A Day In Cesky Krumlov

A Day In Cesky Krumlov

After leaving Sopron in Hungary (well it did seem the best place for it!), the next step on our journey was the Czech Republic. We made our way to the hotel we had booked in a little town called Frymburk, on Lake Lipno, called Hotel Vltava.

The main purpose of our visit here was to see the town of CESKY KRUMLOV,
but we didn’t want to stay in the town itself. Frymburk was perfect for us; a beautiful little hotel in a picturesque and peaceful little lakeside village only 20 minutes from CK.

Cesky Krumlov was one of the highlights of our holiday, somewhere we were really looking forward to seeing. We were not disappointed.

After Prague, CESKY KRUMLOV is the best preserved old town in Bohemia and is designated as one of UNESCO’s World Monuments. And all this despite being seriously neglected when under communist rule (there’s a surprise). Since the political transformation of 1989, a great deal of effort has been put into renovating the historic centre.

The website for the town is very good and has an interactive map which details almost all the buildings in the old town, giving images and some history of each of them. It also has links for hotels, restaurants and all the sites of interest, as well as giving a very detailed history.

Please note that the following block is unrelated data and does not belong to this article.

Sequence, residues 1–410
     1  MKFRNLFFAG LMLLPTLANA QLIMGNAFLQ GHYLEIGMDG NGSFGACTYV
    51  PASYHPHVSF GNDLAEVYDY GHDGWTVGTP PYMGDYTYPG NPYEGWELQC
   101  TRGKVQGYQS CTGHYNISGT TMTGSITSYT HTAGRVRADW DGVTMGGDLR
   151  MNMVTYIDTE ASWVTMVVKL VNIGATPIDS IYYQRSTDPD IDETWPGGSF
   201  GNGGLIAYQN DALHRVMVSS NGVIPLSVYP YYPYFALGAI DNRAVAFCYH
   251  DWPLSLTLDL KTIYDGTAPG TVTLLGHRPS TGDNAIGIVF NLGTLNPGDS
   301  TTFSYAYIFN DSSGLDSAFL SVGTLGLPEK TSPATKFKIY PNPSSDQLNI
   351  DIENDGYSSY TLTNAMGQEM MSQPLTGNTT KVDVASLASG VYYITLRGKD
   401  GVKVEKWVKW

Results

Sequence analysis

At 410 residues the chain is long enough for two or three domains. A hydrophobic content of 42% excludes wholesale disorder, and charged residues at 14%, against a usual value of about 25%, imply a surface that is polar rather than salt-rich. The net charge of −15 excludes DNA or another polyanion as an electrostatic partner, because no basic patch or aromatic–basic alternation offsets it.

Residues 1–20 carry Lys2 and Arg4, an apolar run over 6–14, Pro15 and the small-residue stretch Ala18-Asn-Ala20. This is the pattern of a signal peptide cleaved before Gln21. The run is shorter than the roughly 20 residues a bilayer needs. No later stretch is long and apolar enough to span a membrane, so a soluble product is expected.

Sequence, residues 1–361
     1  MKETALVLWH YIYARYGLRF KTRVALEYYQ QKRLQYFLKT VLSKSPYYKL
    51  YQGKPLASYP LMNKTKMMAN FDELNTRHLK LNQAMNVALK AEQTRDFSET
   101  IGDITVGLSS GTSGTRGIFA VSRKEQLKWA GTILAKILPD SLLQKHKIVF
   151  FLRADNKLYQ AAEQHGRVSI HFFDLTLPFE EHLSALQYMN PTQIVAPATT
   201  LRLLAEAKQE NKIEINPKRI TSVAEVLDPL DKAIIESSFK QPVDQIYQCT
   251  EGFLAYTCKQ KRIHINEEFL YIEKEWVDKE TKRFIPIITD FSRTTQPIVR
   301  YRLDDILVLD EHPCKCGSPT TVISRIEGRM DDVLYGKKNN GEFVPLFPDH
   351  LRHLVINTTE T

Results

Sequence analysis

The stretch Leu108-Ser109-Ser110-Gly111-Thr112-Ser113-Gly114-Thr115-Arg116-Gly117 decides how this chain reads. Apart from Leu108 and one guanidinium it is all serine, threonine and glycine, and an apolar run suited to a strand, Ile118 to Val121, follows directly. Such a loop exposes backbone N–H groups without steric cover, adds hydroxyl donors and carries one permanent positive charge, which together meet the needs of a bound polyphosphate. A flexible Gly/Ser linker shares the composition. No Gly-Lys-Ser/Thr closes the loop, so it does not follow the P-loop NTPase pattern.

We parked our car on the edge of the old town, high on a hill above the river, and proceeded to walk towards the centre. As we approached the road leading into town, some of the views opened up to us. We could look down into the jumble of narrow, medieval streets and the irregular confusion of red-tiled rooftops almost completely surrounded by the river – and all dwarfed by the brooding castle overlooking the whole scene. Magnificent. An intriguing, medieval town, set in impressive fairy-tale surroundings. A Kodak moment.

We arrived there early in the morning and it was very pleasant wandering around while the streets were still relatively quiet. Our first port of call was the tourist office, which is in the main square, at the Town Hall. The staff were very helpful and supplied us with maps and info about the town. In the cellars below the Town Hall is the Museum of Torture where we spent a damp, chilly and only slightly spooky, thirty minutes before making our way to our next port of call, a bank.

One of the less intelligent members of our party (who, if brains were dynamite, wouldn’t have enough to blow his nose, apparently),
had inadvertently taken too much money out of an ATM in Hungary. Try as we might, we just couldn’t spend it all. I had forgotten to change it at the border on leaving Hungary, and no-one at the Czech border would change it into Czech money. So it was that we handed over nearly $600 for exchange. This took quite a long time as every single note had to be checked under the UV light, cross-matched with charts and then double-checked by another member of staff. After finally consulting with, and getting approval from, the manager, we eventually got our Czech Crowns.

So, pockets stuffed with readies, we continued on our way.

The town is a maze of narrow streets and tight, dark alleys, so following any sort of route was a bit haphazard. No matter, it is quite a small area and relatively flat, so even though we wandered aimlessly around, we still covered pretty much everywhere.